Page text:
FTSE 100 shies away from return to pre-COVID levels like an anti-vaxxer faced with a needle

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For a brief period today, the FTSE 100 rose above 7,400 and got back roughly to its pre-pandemic level of mid-February 2020.


As one might expect, the recovery since the global economy went to heck in a handbasket has not been even.


No one is going to be surprised that British Airways owner International Consolidated Airlines Group (LSE:IAG) SA has been the worst performer over the period, shedding 60% of its value, nor that aerospace engineers Rolls-Royce Group PLC and Melrose Industries PLC (LSE:MRO, OTC:MLSPF) – both down 36% – are the next worst performers, but Taylor Wimpey PLC (LSE:TW.) the fourth-worst, with a fall of 31%? What’s that about?


Considering how the government continues to bend over backwards to funnel taxpayers’ money into the bank accounts of the directors of housebuilding companies, it is an odd sight to see Taylor Wimpey down in the dumps.


Sector peers Berkeley Group Holdings PLC (-26%), Barratt Developments PLC (LSE:BDEV) (-21%) and Persimmon PLC (LSE:PSN) (-17%) have also lost ground during the pandemic period, as investors begin to focus more on rising raw material costs than Britain’s never-ending house price boom.


But never mind the housebuilders, how about BP PLC (LSE:BP.), down by a quarter since mid-February of last year, despite the price of oil rising above a billion dollars a barrel – or so it seems?


Royal Dutch Shell is also a loser, shedding 12%, reminding us that the big oil companies have only recently started to benefit from soaring oil prices; this time a year ago, people were still worried that oil consumption would take forever to return to pre-pandemic levels.


“A key reason why the FTSE 100 has found it so hard to recover all the lost territory is the type of stocks that have the biggest influence on the index’s performance. The FTSE 100 is market-cap weighted so the largest companies really matter when it comes to how the index moves,” explained Russ Mould, the investment director at AJ Bell.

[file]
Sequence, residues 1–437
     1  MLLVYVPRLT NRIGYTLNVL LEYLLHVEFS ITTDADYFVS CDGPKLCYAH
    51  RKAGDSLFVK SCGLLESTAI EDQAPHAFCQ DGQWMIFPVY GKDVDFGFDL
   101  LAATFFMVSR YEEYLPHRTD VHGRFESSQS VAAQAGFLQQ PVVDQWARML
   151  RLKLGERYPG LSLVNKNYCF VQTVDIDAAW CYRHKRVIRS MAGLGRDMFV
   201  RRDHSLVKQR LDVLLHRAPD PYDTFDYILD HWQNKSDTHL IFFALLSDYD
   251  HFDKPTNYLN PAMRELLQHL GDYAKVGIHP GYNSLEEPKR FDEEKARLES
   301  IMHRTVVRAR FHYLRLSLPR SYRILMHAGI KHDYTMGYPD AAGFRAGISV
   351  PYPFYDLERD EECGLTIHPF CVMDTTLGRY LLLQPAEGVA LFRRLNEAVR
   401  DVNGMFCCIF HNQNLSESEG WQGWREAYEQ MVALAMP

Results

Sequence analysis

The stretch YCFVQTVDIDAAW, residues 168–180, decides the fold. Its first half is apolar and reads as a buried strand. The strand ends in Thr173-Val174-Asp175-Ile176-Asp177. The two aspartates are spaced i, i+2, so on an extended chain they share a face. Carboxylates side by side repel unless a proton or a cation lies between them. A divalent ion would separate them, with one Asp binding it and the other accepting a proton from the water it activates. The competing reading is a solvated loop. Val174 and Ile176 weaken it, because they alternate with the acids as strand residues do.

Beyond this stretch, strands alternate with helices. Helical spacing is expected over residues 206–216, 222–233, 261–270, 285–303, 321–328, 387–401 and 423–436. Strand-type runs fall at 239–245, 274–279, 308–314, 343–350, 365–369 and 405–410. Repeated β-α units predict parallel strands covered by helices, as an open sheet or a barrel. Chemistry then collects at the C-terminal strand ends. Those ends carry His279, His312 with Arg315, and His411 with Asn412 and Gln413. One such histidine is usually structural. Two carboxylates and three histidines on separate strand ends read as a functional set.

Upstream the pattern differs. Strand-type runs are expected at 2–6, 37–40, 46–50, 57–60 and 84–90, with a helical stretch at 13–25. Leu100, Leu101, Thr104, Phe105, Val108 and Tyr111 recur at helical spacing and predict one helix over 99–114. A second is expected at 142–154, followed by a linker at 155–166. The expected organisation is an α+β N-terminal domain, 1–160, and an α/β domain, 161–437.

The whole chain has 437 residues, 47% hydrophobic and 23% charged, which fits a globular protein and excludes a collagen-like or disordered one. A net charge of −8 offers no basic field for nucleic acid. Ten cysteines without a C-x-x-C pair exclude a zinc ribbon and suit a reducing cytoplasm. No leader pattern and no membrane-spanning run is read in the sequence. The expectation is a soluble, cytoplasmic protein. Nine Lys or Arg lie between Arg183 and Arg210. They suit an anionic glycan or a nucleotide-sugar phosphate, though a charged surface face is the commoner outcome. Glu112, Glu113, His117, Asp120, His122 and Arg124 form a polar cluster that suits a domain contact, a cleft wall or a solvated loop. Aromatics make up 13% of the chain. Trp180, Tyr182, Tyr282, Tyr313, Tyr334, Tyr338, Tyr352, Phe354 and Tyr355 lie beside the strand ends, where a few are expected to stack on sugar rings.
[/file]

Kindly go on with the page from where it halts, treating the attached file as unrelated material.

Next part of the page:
“Names like HSBC and Unilever are in this camp and they’ve limped along. Royal Dutch Shell is also a big name in the index and its shares only started to move upwards 12 months ago, so it is still playing catch-up,” he added.


“Since the February global market crash, there have still been some impressive recovery stories. The best performer is Royal Mail, up 143% in share price terms since the 21 February 2020 market close. That’s down to the rapid acceleration of people and businesses buying stuff online. Royal Mail has seen a step-change in parcel delivery volumes, and it thinks this will remain and not simply be a one-off pandemic phenomenon.


“The second-best performer is Ashtead which has benefited from the US economic recovery where it rents out construction equipment. Its shares are up 135% over the period,” Mould said.


Other noteworthy names on the up include Scottish Mortgage Investment Trust PLC (LSE:SMT) (SMT), up 133%, and Entain PLC (LSE:ENT), up 130%.


Were we a bit too quick to pronounce the end of SMT’s time as a glamour stock riding its wave of success as a backer of fast-growth companies with disruptive technologies?


Almost certainly.


As for Entain PLC, the gambling giant, it seems to have been open season on UK companies in this sector with US rivals, a few decades late to the gambling liberalisation game, desperate to get hold of the UK bookies’ know-how.


Draft Kings abandoned its pursuit of Entain last month but it would be only a small surprise to see it return with a new bid in six months’ time or sooner if a rival takes a tilt at Entain.


There are many candidates for most anonymous FTSE 100 constituent but Croda International PLC (LSE:CRDA) deserves to be mentioned among the runners and riders but seeing as its share price has doubled since the FTSE 100 was last above 7,400 it perhaps deserves to be better known.


The shares lost around 20% of their value in the initial panic when the coronavirus went from an epidemic to a pandemic but since bottoming out at the end of March 2020 the shares have stormed up from 4,113p to 9,878p on the back of strong demand for lipid systems used in vaccines and therapeutics drugs.


Ah, yes, vaccines.


Regarded by many as a silver bullet by many – not a real bullet, obviously, otherwise, there would not be so many Americans suspicious of them – for protection against viral infections, they have also clearly given a shot in the arm to stock markets as well.

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